A new medical guideline suggests family doctors should think twice before prescribing medical marijuana to their patients.
The Simplified Guideline for Prescribing Medical Cannabinoids in Primary Care, published Thursday in the medical journal Canadian Family Physician, says there is limited evidence to support the reported benefits of medical marijuana for many conditions. (Read the guideline below).
It adds that any benefit could be balanced or even outweighed by the potential harm.
“While enthusiasm for medical marijuana is very strong among some people, good quality research has not caught up,” project leader Mike Allan, director of evidence-based medicine at the University of Alberta, said in a news release.
The guideline was created by a committee of 10 researchers after an in-depth review of clinical trials. It was peer reviewed by 40 others, including doctors, pharmacists, nurses and patients.
They looked at medical marijuana for treatment of pain, muscle tightness and stiffness, and nausea and vomiting, as well as at its side effects.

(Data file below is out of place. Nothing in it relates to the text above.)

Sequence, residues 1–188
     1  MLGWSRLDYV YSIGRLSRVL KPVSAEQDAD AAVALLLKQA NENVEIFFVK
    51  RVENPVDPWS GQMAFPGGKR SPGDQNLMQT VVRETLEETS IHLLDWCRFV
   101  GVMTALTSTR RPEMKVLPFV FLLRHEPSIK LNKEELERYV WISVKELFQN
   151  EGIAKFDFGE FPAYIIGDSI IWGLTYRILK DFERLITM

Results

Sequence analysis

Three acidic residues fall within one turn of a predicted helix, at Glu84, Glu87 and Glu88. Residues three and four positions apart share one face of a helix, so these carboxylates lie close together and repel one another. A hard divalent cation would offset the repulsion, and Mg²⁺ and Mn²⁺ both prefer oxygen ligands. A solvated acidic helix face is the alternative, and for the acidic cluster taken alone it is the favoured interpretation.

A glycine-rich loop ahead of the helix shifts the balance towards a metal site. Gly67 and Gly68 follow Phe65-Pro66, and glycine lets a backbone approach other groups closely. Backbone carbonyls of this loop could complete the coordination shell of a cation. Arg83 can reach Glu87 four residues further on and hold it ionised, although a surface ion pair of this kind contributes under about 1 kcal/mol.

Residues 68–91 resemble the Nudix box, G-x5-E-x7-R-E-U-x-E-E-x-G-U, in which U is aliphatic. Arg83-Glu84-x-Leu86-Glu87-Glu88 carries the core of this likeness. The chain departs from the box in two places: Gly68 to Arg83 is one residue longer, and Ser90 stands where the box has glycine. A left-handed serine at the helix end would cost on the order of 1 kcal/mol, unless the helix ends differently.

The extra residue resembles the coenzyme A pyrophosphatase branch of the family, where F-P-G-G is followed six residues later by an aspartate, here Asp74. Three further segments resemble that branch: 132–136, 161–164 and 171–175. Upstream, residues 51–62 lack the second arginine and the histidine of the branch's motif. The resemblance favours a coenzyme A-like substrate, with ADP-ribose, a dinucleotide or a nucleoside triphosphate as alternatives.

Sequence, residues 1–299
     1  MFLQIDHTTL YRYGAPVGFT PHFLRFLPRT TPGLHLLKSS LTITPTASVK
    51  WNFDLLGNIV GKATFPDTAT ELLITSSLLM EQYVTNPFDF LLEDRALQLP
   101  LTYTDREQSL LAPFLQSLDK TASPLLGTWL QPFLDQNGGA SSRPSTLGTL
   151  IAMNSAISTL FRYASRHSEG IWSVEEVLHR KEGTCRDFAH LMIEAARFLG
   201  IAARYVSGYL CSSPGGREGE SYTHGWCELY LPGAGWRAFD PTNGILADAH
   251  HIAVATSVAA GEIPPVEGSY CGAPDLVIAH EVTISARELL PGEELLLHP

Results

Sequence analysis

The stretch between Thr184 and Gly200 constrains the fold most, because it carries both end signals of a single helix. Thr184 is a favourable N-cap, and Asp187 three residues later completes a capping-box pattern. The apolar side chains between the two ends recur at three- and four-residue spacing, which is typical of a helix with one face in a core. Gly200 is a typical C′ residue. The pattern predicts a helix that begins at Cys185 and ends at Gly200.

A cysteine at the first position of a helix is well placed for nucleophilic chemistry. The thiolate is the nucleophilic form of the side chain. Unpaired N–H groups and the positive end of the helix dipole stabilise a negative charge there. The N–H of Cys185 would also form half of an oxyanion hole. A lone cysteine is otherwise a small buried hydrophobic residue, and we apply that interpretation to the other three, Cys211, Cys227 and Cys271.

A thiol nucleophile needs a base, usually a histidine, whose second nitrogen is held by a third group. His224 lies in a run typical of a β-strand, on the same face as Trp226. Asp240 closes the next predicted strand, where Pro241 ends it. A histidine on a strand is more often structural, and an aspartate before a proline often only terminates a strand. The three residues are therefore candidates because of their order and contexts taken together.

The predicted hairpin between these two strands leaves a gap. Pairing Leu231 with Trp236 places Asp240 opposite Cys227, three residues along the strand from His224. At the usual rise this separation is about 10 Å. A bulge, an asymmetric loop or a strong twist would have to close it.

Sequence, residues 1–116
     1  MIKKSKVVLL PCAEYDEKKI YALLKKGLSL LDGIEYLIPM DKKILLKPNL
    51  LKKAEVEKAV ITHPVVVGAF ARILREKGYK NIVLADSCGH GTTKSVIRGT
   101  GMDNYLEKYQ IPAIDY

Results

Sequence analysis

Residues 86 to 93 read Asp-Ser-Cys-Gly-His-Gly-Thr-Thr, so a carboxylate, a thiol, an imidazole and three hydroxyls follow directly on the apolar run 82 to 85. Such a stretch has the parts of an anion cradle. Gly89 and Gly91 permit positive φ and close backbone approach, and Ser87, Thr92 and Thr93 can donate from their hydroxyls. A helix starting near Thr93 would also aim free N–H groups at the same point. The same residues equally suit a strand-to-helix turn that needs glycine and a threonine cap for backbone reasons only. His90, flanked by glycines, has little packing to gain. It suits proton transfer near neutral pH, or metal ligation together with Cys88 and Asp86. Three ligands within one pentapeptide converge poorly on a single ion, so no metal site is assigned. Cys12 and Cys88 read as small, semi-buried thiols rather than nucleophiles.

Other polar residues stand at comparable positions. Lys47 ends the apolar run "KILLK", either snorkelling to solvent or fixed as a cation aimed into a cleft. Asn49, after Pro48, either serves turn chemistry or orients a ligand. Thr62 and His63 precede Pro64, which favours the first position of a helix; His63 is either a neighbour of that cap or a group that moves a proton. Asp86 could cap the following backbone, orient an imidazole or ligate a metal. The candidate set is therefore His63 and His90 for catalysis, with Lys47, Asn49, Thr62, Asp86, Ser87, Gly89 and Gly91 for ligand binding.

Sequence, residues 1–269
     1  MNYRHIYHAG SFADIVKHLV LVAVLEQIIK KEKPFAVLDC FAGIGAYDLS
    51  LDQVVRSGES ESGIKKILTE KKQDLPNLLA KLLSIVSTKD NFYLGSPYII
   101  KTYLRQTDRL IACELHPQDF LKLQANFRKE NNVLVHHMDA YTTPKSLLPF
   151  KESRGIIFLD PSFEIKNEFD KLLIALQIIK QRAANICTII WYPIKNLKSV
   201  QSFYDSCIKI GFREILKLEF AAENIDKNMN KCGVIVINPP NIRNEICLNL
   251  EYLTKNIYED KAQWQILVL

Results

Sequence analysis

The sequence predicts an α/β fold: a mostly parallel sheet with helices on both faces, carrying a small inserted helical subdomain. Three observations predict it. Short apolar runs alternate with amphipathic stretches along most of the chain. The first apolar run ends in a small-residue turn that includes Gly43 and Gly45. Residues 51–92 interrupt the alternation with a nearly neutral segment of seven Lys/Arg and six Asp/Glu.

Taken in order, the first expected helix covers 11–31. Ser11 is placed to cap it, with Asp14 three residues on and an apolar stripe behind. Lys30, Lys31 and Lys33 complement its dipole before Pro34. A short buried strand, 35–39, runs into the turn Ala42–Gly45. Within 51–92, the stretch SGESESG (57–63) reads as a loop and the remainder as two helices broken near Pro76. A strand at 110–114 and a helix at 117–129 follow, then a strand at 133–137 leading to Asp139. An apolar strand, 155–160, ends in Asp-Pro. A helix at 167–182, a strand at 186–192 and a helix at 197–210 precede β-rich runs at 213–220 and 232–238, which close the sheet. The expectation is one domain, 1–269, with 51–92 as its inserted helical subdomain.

The committee found acceptable research for use of medical marijuana for some conditions including nerve pain, palliative cancer pain, muscle stiffness related to multiple sclerosis or spinal cord injury, and nausea and vomiting from chemotherapy.
Allan said the benefits were generally minor.
“Medical cannabinoids should normally only be considered in the small handful of conditions with adequate evidence and only after a patient has tried a number of standard therapies,” he said.
The researchers suggested pharmaceutical cannabinoids be tried before smoked marijuana to ensure proper dosing.
The committee also found that side effects — including sedation, dizziness and confusion — were common and consistent.
Allan said some people might not like the guideline.
“Better research is definitely needed,” he said. “If we had that, it could change how we approach the issue and help guide our recommendations.”
The guideline will be distributed to about 30,000 doctors across Canada.